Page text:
Union General Franz Sigel“I was by no means surprised at General Sigel's conduct before the battle of Pea Ridge. It was precisely in keeping with what he did at Carthage and Wilson's Creek. After your expedition started I received documentary proofs from Generals Sturgis, Schofield, and Totten, and a number of other officers, in regard to his conduct on those occasions, which destroyed all my confidence in him. It was for that reason that I telegraphed you so often not to let Sigel separate from you. I anticipated that he would try to play you a trick by being absent at the critical moment. I wished to forewarn you of the snare, but I could not then give you my reasons. I am glad that you prevented his projects and saved your army. I cannot describe to you bow much uneasiness I felt for you. You saved your army and won a glorious victory by refusing to take his advice. I do not believe he has been made a major-general. If so, I shall ask to have him sent to some other Department. ”

However, Sigel had powerful political connections and the loyalty of his German-American troops. On March 25th, Sigel requested and was granted a medical leave. He was later promoted to Major General and transferred to the east.

Union General Henry HalleckHalleck was thrilled that his plans to push the Confederates out of Missouri had succeeded. He was one step closer to fulfilling his strategy for the war in the west. He was now able to divert men and supplies to Tennessee as he reported in a message to General McClellan on March 10th:

“Reserves intended to support General Curtis will now be drawn in as rapidly as possible and sent to the Tennessee. I propose going there in a few days. That is now the great strategic line of the Western campaign ... I shall soon fight a great battle on the Tennessee, unsupported, as it seems, but if successful, it will settle the campaign in the West.”

Halleck continued to be wary of Van Dorn while he remained in Arkansas. He ordered Curtis to stay near the Missouri border and pay attention to Van Dorn's movements.

“Be careful to keep your main force together and well in hand. Ascertain the enemy's movements by throwing out cavalry. Be careful of Van Dorn. He is a vigilant and energetic officer, and will be certain to strike any exposed point. Keep me well advised of the enemy's movements, as I must be prepared for him on other points. This is important.”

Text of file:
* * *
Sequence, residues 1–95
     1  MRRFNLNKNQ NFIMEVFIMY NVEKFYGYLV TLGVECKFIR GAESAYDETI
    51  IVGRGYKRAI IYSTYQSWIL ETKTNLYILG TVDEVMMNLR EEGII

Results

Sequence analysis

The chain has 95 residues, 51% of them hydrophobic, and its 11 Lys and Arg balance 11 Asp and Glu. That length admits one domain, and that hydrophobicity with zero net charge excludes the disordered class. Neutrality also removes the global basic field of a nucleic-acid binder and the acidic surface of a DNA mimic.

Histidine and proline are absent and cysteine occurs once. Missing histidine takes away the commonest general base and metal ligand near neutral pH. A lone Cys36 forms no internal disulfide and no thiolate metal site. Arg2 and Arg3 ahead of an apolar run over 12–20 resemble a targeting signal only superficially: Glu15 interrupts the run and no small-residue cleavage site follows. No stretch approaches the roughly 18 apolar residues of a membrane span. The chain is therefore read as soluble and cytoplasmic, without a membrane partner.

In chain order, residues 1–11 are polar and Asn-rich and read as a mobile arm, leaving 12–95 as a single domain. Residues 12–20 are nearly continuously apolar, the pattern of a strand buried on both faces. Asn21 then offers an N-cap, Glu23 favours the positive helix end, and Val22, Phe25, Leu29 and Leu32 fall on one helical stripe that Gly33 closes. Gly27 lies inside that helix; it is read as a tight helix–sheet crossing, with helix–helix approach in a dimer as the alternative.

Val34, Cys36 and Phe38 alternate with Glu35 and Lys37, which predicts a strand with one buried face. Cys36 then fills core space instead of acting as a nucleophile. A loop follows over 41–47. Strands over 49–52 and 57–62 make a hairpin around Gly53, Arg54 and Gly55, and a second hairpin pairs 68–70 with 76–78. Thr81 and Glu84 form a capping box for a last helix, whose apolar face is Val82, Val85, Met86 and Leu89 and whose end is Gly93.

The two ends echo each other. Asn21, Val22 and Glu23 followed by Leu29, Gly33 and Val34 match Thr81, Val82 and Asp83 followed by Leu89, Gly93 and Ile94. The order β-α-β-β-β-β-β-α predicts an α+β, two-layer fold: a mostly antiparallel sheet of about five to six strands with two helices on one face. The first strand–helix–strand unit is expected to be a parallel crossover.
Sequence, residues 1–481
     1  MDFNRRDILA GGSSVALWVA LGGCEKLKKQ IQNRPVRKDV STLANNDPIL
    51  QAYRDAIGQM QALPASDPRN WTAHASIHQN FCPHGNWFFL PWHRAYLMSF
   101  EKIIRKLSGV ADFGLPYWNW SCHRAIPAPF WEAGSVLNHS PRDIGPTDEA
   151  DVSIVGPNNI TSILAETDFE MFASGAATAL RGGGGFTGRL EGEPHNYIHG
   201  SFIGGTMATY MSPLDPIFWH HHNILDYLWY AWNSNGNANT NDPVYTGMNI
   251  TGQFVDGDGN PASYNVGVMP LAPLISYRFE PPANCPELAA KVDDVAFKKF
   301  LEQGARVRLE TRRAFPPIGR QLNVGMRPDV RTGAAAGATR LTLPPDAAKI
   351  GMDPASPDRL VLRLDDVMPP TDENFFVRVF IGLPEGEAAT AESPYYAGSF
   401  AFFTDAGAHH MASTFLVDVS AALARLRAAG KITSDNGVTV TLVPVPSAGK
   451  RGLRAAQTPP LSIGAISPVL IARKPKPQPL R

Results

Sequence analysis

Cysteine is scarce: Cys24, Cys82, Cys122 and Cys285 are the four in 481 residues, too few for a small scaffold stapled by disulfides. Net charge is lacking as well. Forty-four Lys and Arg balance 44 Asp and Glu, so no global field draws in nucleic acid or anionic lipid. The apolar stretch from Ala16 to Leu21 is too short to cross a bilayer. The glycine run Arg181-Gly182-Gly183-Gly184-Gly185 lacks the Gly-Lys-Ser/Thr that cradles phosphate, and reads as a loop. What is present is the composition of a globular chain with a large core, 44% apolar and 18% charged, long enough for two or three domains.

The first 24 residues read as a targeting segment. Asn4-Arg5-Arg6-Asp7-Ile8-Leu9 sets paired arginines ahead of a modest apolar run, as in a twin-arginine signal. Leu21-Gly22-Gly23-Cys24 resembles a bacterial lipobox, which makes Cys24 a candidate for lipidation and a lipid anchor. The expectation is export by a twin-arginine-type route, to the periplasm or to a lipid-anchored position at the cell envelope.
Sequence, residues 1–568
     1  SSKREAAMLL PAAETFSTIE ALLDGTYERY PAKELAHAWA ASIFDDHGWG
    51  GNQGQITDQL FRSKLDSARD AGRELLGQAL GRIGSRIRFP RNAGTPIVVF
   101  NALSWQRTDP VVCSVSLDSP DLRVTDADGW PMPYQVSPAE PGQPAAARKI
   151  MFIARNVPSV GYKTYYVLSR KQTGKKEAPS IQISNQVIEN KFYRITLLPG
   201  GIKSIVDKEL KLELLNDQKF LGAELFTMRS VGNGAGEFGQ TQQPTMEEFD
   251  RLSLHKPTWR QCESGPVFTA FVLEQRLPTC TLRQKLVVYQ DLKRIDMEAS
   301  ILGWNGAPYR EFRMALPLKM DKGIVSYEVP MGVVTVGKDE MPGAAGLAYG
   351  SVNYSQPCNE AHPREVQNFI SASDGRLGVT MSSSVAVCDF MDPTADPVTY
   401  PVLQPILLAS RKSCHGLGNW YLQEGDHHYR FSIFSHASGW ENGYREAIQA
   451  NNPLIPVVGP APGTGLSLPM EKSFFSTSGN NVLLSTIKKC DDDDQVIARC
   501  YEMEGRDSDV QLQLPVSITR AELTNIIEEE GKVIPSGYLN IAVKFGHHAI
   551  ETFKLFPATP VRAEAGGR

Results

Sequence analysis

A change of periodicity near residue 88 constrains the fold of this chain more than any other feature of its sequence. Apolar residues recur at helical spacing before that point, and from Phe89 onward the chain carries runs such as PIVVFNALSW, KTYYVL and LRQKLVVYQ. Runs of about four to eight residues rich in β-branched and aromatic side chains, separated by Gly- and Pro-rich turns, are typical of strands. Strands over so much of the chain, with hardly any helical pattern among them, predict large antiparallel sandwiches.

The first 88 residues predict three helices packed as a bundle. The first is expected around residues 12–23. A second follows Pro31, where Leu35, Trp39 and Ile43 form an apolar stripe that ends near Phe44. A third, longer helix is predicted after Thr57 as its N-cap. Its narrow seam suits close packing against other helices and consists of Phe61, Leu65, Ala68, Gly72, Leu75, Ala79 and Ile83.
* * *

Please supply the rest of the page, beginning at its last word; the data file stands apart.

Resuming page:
“It is not intended to advance across Boston Mountains on any consideration. My instructions are not to advance to Fort Smith, but to keep the enemy south of Boston Mountains till he can be turned and cut off from his main source of supplies.”

Confederate General P. T. G. BeauregardAfter his defeat at Pea Ridge, Van Dorn had decided to move his Army of the West across the Mississippi River and support General P. T. G. Beauregard. He sent a message to Beauregard saying that his troops would be at Pocahontas in northeastern Arkansas by April 7th.

Confederate General Albert Sydney JohnstonBy this time, Confederate General Albert Sydney Johnston was preparing to take on Union forces stationed at Pittsburg Landing, Tennessee under the command of Union General Ulysses S. Grant. Johnston sent a message to Van Dorn ordering him to move his troops to Memphis, Tennessee. Van Dorn's Army of the West would not arrive in time to participate in the Battle of Shiloh.

Union General U. S. GrantOn March 27, 1862, Curtis received word that he had been promoted to Major General. When the news that Van Dorn's Confederate Army of the West was moving east, Curtis felt he had to protect Missouri and cover that movement with the Union Army of the Southwest. By May, Curtis would have his Army of the Southwest halved by detachments sent across the Mississippi River by order of Major General Halleck. Curtis would take his army into northeastern and north central Arkansas. Although failing in his bid to capture Little Rock, the Arkansas capital, he would eventually occupy Helena, Arkansas in July, 1862.

Union General Grenville DodgeUnion Colonel Grenville Dodge later summed up what Curtis had accomplished with the Army of the Southwest:

“The campaign demonstrated early in the war what could be accomplished by a small Army 300 miles away from any rail or water communication, in rugged, mountainous, sparsely settled country, marching in winter, and virtually subsisting upon the country.”

Union General Philip SheridanCaptain Phil Sheridan, in his memoirs, also had high praise for what Curtis had accomplished in the winter of 1861/62:

“After Pea Ridge was won, certain efforts were made to deprive Curtis of the credit due him for the victory; but, no matter what merit belonged to individual commanders, I was always convinced that Curtis was deserving of the highest commendation, not only for the skill displayed on the field, but for a zeal and daring in campaign which was not often exhibited at that early period of the war. Especially should this credit be awarded him, when we consider the difficulties under which he labored, how he was hampered in having to depend on a sparsely settled country for the subsistence of his troops”

Driving Southern forces out of Missouri was a key component in Union Major General Henry Halleck's strategy for winning the battle for the Mississippi River Valley. It turned out that Halleck picked the right man for the job in Brigadier General Samuel R. Curtis. In defeating Confederate Major General Earl Van Dorn's Army of the West at the Battle of Pea Ridge, Curtis had won the struggle for Missouri. Halleck would be able to divert troops and resources to the major battles that would be fought east of the Mississippi River in Tennessee and Mississippi.

Over the next two years, Missouri would be the setting for guerrilla warfare, but no major battles would be fought until the fall of 1864 when Confederate Major General Sterling Price would once again invade his home state of Missouri.